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Candles to Kilowatts

 

 

The Story of Edmonton's Power Company

Candles to Kilowatts: The Story of Edmonton's Power Company, written by Heather Marshall and Debbie Culbertson, documents the history of Edmonton Power and shows the company's close connection to the City of Edmonton.

In fact, Edmonton Power existed even before Edmonton was incorporated as a town and the two entities have had a mutually beneficial relationship over the years.

The growth of Edmonton resulted in an ever-increasing demand for electricity.

At the same time, the availability of electricity helped the city grow and develop.

Throughout the 20th Century, one constant was the utility's drive to be on the leading edge of technological innovations.

The Rossdale Power Plant, the generating station that has been located in Edmonton's river valley throughout the city's history, boasted one of the world's first 10,000-kW turbo-generators in 1928.

In 1931, Rossdale had the largest steam boiler in Canada.

By 1941, Rossdale was Canada's largest thermal plant.

When Rossdale was converted to natural gas in the late 1950's, the new turbine units were the largest of their kind to be installed in Canada at that time.

The Clover Bar station, built in the 1970's, was the first power generating facility in North America to have a spring-supported foundation table installed beneath the turbine generators.

The tradition of innovation and leadership continues to this day.

Edmonton's power company is now the only Alberta company to be involved in every aspect of power generation: transmission, distribution and sales.

It also sells water to Edmonton and 40 surrounding communities.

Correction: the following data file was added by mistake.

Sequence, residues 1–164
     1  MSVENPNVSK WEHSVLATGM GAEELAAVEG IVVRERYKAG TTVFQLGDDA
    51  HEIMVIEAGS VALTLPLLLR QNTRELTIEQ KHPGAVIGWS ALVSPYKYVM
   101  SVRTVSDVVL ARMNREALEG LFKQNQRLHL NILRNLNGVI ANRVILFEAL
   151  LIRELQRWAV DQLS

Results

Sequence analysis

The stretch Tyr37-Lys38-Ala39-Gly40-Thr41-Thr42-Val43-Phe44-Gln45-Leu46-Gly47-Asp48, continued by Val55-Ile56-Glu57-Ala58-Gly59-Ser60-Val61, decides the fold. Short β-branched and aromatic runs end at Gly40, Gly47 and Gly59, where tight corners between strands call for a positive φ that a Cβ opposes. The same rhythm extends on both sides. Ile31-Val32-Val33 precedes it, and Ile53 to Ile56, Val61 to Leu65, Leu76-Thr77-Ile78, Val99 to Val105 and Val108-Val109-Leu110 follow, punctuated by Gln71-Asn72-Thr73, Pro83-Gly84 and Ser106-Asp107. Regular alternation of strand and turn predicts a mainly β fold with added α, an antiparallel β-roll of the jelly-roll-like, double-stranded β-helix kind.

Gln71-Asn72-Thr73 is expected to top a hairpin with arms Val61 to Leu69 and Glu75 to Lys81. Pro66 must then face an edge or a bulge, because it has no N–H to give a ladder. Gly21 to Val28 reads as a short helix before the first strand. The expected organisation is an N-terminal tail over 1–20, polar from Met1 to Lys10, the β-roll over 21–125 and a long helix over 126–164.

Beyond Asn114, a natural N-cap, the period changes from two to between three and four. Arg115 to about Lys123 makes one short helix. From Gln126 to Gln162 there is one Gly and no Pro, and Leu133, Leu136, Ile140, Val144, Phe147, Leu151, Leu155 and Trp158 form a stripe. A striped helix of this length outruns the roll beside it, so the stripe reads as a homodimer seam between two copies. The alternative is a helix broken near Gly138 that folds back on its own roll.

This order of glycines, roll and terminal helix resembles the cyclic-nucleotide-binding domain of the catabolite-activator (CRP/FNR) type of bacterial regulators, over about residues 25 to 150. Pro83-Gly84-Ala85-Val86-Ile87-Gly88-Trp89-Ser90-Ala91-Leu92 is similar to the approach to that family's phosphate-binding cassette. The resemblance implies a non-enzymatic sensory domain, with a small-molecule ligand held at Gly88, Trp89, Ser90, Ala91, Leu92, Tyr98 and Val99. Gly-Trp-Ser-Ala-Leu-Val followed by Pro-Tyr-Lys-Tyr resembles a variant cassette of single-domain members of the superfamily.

The utility is now expanding into British Columbia, Ontario, and Washington State and has assets valued at over two billion dollars.

Edmonton Power has come a long way since its days as a little light and power company providing service to a seven-block stretch of downtown Edmonton for only limited hours between sunset and sunrise.

More than a century later, the sun still hasn't set on this company.

Click to download individual chapters:

Click for text only version of book

Edmonton Power Historical Foundation

Hours of operation 2021

The Lesco Distributors Pro Show n' Shine for Semi Trucks on September 18 was a resounding success, and with that the EPHF museum will be closing for the season (except for visit by appointment). But the Leduc West Antique Society grounds will once again open for the Leduc Country Christmas Lights in December 2021. It promises to be another breathtaking stroll through a magical winter wonderland. Come on out and visit us!

We are located on the grounds of the Leduc West Antique Museum. Travel 5 miles west of Leduc on Highway 39. Go north on Range Road 260 (Cohne Dale Road) for about a mile and the museum will be on your right.

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